By diverting small sums from their commercial open-access budgets, OLH partner libraries provide the financial support we need to expand our portfolio of journals and build open-source publishing technologies that benefit the entire academic community.
OLH journals publish research that is archived, secure, and free to access.
Articles are assigned DOIs, journals are widely indexed, metadata is harvestable, and sector-leading archival practices ensure the long-term availability of all published research.
What we offer.
When you publish with the OLH, you are joining a worldwide community. We offer experienced, friendly editorial guidance, provide bespoke technological support, and organise regular events. Our journals extend this community through the scholarly associations that founded them, the conferences that are their lifeblood, and the university classrooms in which our published materials are taught worldwide.
Our current team of 10 full-time staff provides years of academic editorial experience with cutting-edge publishing technology. Our dedicated in-house software engineers have built a leading platform for journal hosting, migration, manuscript submission and review, copyediting, and typesetting.
“The Open Library of Humanities is a light in the darkness: innovative, dynamic publishing that centres equity and inclusivity for both readers and authors by providing open access without APCs.”
Prof. Kathleen Fitzpatrick, Director of Digital Humanities and Professor of English at Michigan State University.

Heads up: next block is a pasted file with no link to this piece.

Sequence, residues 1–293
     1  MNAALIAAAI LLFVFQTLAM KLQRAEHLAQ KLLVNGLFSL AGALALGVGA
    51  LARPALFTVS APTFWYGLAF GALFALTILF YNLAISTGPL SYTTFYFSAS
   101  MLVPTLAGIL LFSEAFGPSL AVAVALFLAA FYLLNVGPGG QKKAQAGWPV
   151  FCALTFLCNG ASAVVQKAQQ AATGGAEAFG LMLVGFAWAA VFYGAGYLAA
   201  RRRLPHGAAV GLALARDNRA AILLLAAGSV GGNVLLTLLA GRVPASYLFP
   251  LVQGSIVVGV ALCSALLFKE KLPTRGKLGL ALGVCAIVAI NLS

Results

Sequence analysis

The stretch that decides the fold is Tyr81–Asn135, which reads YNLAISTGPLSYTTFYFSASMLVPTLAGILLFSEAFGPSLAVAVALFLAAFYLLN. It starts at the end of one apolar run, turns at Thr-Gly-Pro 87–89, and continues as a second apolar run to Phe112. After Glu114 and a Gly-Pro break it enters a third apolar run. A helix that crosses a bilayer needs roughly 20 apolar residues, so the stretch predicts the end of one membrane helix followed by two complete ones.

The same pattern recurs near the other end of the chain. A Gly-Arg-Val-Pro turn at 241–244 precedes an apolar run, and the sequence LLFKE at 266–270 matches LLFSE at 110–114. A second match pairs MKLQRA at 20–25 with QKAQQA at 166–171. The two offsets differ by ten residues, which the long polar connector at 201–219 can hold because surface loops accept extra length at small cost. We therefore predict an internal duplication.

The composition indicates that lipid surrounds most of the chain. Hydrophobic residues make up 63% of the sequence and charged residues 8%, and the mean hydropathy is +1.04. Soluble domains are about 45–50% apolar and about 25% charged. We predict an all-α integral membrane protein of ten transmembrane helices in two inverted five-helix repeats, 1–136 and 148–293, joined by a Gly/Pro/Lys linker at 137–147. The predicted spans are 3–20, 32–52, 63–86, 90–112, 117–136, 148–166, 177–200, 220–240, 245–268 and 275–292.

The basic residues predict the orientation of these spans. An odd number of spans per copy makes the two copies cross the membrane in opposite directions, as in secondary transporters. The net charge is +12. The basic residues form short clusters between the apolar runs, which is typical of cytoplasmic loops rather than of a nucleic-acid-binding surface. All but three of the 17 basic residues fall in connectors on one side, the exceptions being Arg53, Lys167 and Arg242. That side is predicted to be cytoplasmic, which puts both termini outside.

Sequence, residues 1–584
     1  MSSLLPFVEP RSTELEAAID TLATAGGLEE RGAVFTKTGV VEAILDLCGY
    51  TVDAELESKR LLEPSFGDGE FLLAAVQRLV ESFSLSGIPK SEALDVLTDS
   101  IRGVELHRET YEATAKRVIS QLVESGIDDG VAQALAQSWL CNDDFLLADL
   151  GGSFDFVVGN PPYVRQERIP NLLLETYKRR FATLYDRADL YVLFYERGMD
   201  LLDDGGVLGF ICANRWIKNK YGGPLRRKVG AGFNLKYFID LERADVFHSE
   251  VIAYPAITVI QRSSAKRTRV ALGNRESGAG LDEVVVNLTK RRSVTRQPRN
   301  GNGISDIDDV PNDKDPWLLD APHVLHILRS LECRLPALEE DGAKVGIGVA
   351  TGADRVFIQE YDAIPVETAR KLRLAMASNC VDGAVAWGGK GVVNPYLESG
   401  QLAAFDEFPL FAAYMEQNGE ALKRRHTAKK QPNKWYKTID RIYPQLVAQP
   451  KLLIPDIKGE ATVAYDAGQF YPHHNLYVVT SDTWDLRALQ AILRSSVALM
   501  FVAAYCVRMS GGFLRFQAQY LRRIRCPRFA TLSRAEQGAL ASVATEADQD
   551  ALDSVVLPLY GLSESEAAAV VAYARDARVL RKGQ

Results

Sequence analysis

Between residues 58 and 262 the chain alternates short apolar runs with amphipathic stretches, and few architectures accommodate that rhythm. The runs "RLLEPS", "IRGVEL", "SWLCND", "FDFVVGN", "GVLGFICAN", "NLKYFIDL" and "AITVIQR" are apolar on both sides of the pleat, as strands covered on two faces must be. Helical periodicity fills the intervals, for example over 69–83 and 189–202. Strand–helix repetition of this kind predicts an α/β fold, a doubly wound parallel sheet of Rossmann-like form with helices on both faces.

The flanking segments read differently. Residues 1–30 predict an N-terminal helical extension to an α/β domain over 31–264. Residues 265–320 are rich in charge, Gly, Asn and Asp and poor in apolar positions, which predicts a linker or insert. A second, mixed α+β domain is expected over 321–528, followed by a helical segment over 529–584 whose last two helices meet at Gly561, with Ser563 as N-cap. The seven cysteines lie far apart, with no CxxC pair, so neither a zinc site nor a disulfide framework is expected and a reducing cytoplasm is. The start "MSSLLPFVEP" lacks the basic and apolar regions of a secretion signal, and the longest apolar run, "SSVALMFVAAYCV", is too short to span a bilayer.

Plan S compliance.
Plan S is an international initiative set up by researcher funders and other academic organisations to ensure that publicly funded research is published in open-access journals or on open-access platforms, or is made immediately available through open-access repositories without embargo. All our journals are compliant with Plan S funder mandates and have been included in the Plan S compliance Journal Checker tool.
Grants & awards.
The OLH has received major funding in the form of research and development grants from the Andrew W. Mellon Foundation and Arcadia – a charitable fund of Lisbet Rausing and Professor Peter Baldwin.
The work of the Open Library of Humanities has been internationally recognised for its important contribution to open access for the humanities, as well as its innovative business model. In 2020, we were “Highly Commended” at the Association of Learned and Professional Society Publishers (ALPSP) Awards for Innovation in Publishing, and received an award for “Small Digital Publisher of the Year” from the Association of Online Publishers (AOP). In 2019, we won a “Coko Foundation Open Publishing Award” in the category of Open Publishing Models.
The OLH award.
The Open Library of Humanities Award was established in 2023 to recognise individuals who have made outstanding contributions to the advancement of open access.
The award is granted to a person who demonstrates dedication to open access through their advocacy or scholarly work. It aims to celebrate those who live our values and to foster a greater appreciation for the principles and benefits of open access to knowledge within the academic community.